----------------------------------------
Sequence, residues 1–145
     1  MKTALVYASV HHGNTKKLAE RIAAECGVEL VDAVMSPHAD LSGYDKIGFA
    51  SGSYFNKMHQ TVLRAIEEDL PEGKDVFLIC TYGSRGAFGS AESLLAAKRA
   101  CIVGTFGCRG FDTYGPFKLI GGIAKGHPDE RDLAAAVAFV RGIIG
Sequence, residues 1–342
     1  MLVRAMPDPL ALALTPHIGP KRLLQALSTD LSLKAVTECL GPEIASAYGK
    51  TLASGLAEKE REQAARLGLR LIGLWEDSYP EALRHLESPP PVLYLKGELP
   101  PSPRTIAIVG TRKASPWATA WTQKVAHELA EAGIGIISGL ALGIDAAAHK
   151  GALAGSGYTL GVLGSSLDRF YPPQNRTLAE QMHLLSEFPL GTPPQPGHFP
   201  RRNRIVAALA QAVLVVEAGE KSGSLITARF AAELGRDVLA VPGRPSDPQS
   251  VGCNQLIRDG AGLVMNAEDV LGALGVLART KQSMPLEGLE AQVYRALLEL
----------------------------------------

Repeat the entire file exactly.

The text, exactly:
Sequence, residues 1–145
     1  MKTALVYASV HHGNTKKLAE RIAAECGVEL VDAVMSPHAD LSGYDKIGFA
    51  SGSYFNKMHQ TVLRAIEEDL PEGKDVFLIC TYGSRGAFGS AESLLAAKRA
   101  CIVGTFGCRG FDTYGPFKLI GGIAKGHPDE RDLAAAVAFV RGIIG
Sequence, residues 1–342
     1  MLVRAMPDPL ALALTPHIGP KRLLQALSTD LSLKAVTECL GPEIASAYGK
    51  TLASGLAEKE REQAARLGLR LIGLWEDSYP EALRHLESPP PVLYLKGELP
   101  PSPRTIAIVG TRKASPWATA WTQKVAHELA EAGIGIISGL ALGIDAAAHK
   151  GALAGSGYTL GVLGSSLDRF YPPQNRTLAE QMHLLSEFPL GTPPQPGHFP
   201  RRNRIVAALA QAVLVVEAGE KSGSLITARF AAELGRDVLA VPGRPSDPQS
   251  VGCNQLIRDG AGLVMNAEDV LGALGVLART KQSMPLEGLE AQVYRALLEL